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Putting the ‘super’ in Europe's capacity for green power

With the rise in demand for green transportation, European researchers in the 'ILHYPOS' project have developed a new supercapacitor that could help power the next generation of electric cars.

The ILHYPOS supercapacitor soft pack © Ahmed ElAmin
The ILHYPOS supercapacitor
soft pack
© Ahmed ElAmin

Researchers working in the EU-funded ILHYPOS project say their new supercapacitor is more environmentally friendly and safer than those currently on the market. In developing the component for electrical circuits, they have also positioned Europe as a leader in the new field of high-voltage supercapacitors.

Speaking at the final ILHYPOS project meeting in Bologna on 21 July 2009, European Commission Scientific Officer Maurizio Maggiore said the project complements other EU-funded initiatives targeting the development of better hydrogen and fuel cell vehicles for green transportation.

“This project provides a potential solution for the development of a commercial fuel cell vehicle,” Maggiore said. “The new supacapacitor and the ionic liquid they have developed supports this goal. It has also made Europe competitive in the global supercaps market.”

Playing a supporting role

Regular capacitors are widely used as a means of storing or regulating small amounts of electrical energy in many of the devices and machines we use in everyday life, such as cell phones or computers. As part of an electrical circuit, they can be used to maintain a power supply for use on demand, such as audio system speakers, or to provide energy when batteries are being changed in a device.

The supercapacitor, or ultracapacitor, the popular name for an electrochemical capacitor, is able to pack a lot more energy into the same space compared to a regular capacitor. As they can store and release specific amounts of high-voltage energy very rapidly, supercapacitors are used as a sort of intermediary device to start large motors, such as those used on diesel trucks and railroad locomotives. They are used to store and release the sharp bursts of energy needed in consumer devices, such as flash units on portable cameras.

Their ability to store energy quickly also makes them useful for re-capturing energy that might otherwise have been lost, such as when braking a vehicle. More recently, supercapacitors are being examined for use in fuel-cell, hybrid and electric vehicles. By putting supercapacitors to work on the draining job of providing bursts of power when needed, batteries or fuel cells can then be used to provide power for other tasks over longer periods. This extension of the ability of electric vehicles to run for longer periods is crucial to their wider acceptance by the public.

Filling a market gap

Unfortunately, many supercapacitors on the market require special care for use in fuel-cell, hybrid or electric vehicles. Commercial ones make use of electrolyte solutions made up of a salt dissolved in an organic solvent. The volatility of the organic solvents increases sharply with temperature, making such supercapacitors potentially unsafe beyond the 50-60°C range in which fuel-cell and hybrid cars operate.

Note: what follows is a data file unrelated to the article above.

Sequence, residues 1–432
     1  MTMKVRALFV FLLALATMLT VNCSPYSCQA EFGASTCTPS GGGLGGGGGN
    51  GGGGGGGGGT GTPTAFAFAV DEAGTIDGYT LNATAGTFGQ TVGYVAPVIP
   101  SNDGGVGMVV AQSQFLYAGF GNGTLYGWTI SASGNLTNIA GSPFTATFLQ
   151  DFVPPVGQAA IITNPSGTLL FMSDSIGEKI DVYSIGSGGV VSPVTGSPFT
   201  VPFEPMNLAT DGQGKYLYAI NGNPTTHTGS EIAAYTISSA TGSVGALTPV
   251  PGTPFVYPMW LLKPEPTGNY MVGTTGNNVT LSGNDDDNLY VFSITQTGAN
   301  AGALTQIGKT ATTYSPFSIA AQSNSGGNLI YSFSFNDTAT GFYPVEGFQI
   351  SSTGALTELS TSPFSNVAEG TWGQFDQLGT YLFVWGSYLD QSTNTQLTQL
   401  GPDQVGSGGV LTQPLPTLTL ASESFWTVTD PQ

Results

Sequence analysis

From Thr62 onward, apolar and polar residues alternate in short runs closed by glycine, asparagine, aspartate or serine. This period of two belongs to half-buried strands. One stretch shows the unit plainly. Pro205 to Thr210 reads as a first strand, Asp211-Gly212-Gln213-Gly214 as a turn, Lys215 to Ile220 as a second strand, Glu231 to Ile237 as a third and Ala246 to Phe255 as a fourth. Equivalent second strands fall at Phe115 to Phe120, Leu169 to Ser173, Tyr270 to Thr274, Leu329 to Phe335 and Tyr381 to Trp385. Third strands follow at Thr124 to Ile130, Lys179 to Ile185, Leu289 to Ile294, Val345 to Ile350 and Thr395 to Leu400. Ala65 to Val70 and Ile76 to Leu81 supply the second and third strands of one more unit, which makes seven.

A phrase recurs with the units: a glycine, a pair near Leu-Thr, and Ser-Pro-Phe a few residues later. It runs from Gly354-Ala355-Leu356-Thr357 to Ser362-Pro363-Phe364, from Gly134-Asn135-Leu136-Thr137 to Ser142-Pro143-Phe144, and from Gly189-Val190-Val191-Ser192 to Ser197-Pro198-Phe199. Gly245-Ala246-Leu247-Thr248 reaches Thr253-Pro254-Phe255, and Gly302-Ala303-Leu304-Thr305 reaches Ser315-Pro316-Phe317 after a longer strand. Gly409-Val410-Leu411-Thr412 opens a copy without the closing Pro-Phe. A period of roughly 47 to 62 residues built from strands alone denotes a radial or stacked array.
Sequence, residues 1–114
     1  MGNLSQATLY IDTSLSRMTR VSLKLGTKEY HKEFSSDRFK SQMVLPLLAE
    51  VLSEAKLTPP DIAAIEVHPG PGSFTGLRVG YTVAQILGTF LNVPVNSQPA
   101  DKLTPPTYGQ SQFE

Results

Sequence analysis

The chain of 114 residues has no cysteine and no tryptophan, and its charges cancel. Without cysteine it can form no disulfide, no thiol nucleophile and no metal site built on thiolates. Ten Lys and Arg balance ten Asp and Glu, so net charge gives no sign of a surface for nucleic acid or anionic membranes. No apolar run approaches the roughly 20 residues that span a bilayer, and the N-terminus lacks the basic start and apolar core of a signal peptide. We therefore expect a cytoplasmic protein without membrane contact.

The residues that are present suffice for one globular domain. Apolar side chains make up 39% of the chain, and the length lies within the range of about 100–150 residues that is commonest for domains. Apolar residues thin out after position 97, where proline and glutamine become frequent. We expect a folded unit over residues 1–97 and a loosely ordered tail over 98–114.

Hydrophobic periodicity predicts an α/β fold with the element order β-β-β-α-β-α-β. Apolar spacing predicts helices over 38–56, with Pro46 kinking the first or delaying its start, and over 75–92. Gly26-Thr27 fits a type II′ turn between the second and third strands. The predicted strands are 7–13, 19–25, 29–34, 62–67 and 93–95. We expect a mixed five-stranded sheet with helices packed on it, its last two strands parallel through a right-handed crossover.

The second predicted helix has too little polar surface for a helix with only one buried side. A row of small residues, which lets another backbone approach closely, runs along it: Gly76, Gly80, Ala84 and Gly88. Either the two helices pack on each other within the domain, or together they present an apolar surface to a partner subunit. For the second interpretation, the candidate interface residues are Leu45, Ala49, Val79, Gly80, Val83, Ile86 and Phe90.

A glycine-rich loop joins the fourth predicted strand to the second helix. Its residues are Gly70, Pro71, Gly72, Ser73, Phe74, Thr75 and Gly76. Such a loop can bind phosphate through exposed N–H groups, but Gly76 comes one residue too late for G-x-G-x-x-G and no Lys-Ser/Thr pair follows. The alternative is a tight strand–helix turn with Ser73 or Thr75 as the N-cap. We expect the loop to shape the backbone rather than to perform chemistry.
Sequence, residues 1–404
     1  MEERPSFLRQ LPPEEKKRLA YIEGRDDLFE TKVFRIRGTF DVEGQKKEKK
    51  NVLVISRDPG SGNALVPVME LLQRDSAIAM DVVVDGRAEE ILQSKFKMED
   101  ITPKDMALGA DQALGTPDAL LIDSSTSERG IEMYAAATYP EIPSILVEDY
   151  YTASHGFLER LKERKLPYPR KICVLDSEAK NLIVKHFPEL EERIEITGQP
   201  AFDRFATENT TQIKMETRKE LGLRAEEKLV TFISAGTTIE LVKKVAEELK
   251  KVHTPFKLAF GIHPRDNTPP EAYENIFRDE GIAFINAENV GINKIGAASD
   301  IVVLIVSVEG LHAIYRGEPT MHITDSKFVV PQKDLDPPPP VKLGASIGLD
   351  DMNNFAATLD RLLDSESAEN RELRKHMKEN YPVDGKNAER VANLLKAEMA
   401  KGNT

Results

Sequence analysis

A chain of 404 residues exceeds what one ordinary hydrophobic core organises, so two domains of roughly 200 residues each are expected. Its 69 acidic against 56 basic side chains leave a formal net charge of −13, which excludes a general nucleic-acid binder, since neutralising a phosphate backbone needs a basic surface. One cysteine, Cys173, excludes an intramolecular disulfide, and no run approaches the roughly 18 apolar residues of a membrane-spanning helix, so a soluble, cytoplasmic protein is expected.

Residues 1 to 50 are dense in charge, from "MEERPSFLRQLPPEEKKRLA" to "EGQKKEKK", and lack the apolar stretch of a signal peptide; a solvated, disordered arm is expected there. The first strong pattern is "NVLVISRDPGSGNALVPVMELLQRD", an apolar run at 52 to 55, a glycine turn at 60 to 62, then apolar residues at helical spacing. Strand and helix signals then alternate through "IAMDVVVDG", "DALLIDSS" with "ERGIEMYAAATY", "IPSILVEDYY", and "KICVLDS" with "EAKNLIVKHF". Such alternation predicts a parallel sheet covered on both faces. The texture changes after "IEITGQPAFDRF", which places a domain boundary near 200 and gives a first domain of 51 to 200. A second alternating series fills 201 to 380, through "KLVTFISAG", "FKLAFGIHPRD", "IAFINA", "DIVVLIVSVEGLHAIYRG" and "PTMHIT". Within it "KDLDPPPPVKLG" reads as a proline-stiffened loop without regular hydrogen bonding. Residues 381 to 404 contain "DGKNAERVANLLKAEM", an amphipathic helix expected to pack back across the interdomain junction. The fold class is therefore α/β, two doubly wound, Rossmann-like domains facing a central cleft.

A project providing answers

Mario Conte © Ahmed ElAmin
Mario Conte
© Ahmed ElAmin

The ILHYPOS prototype fills this gap in the market. Project researchers targeted the development of a supercapacitor for a high-temperature environment with specific energy, power and safety requirements, and based on environmentally friendly materials.

They developed an electrolyte, a non-flammable ionic liquid or salt that was able to “significantly increase” the cell voltage available from the prototype supercapacitor to between 3.5V and 4V, said project coordinator Mario Conte, a scientist with Italy’s National Agency for New Technologies, Energy and the Environment.

"Tests showed the electrolyte remained stable, was non-toxic and operated at temperatures ranging from -20°C to 60°C," Conte said at the final meeting, "exceeding the project’s targets. Charging and recharging stability targets were also achieved. We have demonstrated that the ionic liquid is a very safe electrolyte, and this is a key achievement of the project.”

The ionic liquid can also be used for fuel cells, electrochemical capacitors, dye-sensitive solar cells, and other electrochemical devices, such as and batteries, he added.

Gearing up for production

Project partners prepared and tested other novel materials and components for original hybrid and asymmetric cell designs, such as electrodes (activated carbon materials and new electronically conducting polymers) and separators for the cell components, all needed for the new supercapacitor. Arcotronics Industries developed the techniques and a pilot production line to demonstrate that the prototype supercapacitor could be mass produced.

The supercapacitor is assembled as a soft pack to minimise weight. The assembly method is similar to the process used in the production of lithium-ion batteries, making it easily adaptable for industry. Arcotronics is one of Europe’s leading manufacturers of capacitors and the machines used to make them.

ILHYPOS partners also performed simulations using mathematical models and applied them to a test prototype of a hybrid electric van. The van was developed by Micro-Vett, another project partner.

“The simulations showed there was a significant improvement in efficiency and design simplification,” said Conte.

The ILHYPOS team was made up of researchers from both public and private sectors. Commission Scientific Officer Maggiore said the project has demonstrated that the newly developed supercapicator can perform better than others on the market at normal operating temperatures. “In fact, they have done better than expected,” he said. “Now it is up to industry to decide how to apply their research.”